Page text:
can to much insulation hurt hot water heater?

Old 02-22-09, 01:26 PM
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can to much insulation hurt hot water heater?

We live in the bush and have our power off for extended time every year. When that happens we go to generator. We run it 4 hours a day only. Our water system is 500 gallons of pressure tanks off deep well and 1 standard 40 gal electric water heater for 2 people. This is in an unheated basement.
I have a standard insulating pillow around the tank. Can I increase the insulation to say 6" of fiberglass. I'm thinking this will hold the heat overnight or at least give us a longer run of hot water from when we shut the gen off. I just do not want to burn up anything and if I need a special type of tank I will get it. Most of the "good" tanks that i have seen have more powerful elements and I would like to stay away from extra loads for the gen. Thanks
Old 02-22-09, 02:54 PM
Join Date: Oct 2008
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Hi snowtime, I do not believe there is any limit on the amount of insulation you can wrap around the unit. In addition to insulation, you may want to increase the temperature setting and add a mixing valve. The mixing valve will prevent you from having 160 degree water at your tap, it will pre-mix cold water for a lower set temperature. Thus you will use less hot water and the water in the tank will remain above the lowest warm temp you need longer. i. e. many more gallons of usable hot water.

Your heater my already have them, but make sure you have a heat trap the hot and I believe the cold pipe pipe as well.

Insulate all pipes and enjoy.

Old 02-22-09, 08:40 PM
Join Date: Mar 2006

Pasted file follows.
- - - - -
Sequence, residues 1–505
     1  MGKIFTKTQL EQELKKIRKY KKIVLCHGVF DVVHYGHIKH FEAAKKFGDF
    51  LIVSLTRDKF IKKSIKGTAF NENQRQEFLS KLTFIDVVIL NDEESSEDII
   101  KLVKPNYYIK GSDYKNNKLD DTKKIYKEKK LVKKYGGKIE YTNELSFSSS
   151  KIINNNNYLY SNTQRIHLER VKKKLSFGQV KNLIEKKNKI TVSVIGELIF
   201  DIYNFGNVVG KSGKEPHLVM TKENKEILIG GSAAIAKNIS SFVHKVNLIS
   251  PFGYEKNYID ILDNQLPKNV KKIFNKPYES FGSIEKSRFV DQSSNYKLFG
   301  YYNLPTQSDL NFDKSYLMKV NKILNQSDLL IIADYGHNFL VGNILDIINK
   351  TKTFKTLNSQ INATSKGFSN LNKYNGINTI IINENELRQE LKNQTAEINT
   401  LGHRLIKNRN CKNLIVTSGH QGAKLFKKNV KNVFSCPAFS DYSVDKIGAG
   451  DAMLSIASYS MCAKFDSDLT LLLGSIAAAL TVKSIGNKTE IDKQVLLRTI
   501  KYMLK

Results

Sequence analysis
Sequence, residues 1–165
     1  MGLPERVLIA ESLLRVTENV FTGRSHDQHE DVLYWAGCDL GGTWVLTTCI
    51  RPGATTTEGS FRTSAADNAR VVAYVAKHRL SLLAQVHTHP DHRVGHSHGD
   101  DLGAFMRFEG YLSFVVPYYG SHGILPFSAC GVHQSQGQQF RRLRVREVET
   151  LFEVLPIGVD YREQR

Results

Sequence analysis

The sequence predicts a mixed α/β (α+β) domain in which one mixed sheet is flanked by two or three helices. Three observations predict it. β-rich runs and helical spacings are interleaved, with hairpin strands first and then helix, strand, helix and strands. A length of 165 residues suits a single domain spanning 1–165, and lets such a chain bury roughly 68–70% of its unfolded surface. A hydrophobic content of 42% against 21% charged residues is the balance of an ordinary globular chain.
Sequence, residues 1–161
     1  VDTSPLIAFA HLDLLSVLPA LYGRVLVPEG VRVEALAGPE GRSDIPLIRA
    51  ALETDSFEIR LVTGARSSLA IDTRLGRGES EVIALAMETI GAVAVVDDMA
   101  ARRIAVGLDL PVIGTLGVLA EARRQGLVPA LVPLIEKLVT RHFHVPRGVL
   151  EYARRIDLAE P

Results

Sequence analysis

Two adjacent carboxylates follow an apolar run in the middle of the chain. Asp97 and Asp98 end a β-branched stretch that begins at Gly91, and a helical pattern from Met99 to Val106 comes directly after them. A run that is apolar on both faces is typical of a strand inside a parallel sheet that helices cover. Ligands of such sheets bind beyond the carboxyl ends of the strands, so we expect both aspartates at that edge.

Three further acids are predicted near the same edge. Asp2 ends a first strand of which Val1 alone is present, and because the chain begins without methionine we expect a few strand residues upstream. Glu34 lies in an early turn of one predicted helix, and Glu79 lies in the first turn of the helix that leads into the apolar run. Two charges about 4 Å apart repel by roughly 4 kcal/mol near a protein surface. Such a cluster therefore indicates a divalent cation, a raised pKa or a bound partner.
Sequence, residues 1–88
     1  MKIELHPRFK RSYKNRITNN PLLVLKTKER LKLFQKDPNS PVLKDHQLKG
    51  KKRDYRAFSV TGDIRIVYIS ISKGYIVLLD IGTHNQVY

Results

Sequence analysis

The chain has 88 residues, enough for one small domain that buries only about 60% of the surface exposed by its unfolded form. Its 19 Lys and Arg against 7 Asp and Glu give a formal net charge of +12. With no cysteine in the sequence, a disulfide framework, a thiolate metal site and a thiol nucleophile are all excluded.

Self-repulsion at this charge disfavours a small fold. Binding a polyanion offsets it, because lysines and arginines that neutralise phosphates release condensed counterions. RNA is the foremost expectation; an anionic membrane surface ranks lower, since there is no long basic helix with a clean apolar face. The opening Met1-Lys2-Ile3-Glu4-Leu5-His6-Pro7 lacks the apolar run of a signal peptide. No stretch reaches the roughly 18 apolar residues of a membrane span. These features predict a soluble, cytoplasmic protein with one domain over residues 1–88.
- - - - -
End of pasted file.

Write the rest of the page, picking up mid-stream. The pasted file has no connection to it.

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Bud is correct about there not being a limit to the amount of insulation you can add and also about raising the temperature of the heater and using a mixing (or tempering) valve to limit the temperature at the faucets.

I will state however that there is a law of diminishing returns that comes into play. A single water heater blanket may help add some savings but any more than one will likely cost more than it will ever save. The location of the water heater is also important in that if it is located outside any heat lost is really lost but if it is located inside, even if it is just a utility closet, the heat lost will help to heat your house. There is also the fundamental law of thermodynamics that states the greater the temperature difference the faster it will lose heat. That means for any given water temperature and thickness of insulation the colder the ambient temperature of the tank surroundings the faster it will lose temperature from the enclosed water.

In my opinion your biggest problem is simply the limited amount of water you have in your tank. In my previous house I installed an 80 gallon electric water heater in the utility/laundry room. It was an A.O. Smith water heater with foam insulation and as such had a higher value of insulation than the units insulated with only fiberglass. During one three-plus day power outage I was able to pretty much maintain my lifestyle with only slight curtailment of hot water usage. Of course I didn't try to run the dishwasher or the laundry but I was able to take a comfortable shower everyday before going to work. I seriously doubt that I would have had the same experience if I had only had a 40 gallon water heater.

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